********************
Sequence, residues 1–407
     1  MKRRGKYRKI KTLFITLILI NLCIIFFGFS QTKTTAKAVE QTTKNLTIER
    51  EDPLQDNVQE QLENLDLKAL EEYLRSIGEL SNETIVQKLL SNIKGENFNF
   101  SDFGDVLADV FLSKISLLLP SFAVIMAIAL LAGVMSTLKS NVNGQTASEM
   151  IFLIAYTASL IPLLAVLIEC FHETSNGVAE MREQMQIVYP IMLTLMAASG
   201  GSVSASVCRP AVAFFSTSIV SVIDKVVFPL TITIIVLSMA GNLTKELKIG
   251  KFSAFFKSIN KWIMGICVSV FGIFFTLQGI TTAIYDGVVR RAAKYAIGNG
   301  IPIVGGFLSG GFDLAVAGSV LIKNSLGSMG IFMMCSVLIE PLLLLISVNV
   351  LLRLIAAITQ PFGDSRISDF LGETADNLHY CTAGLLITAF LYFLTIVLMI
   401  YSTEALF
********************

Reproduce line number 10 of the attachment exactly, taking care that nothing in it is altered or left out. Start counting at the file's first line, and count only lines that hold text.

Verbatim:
   401  YSTEALF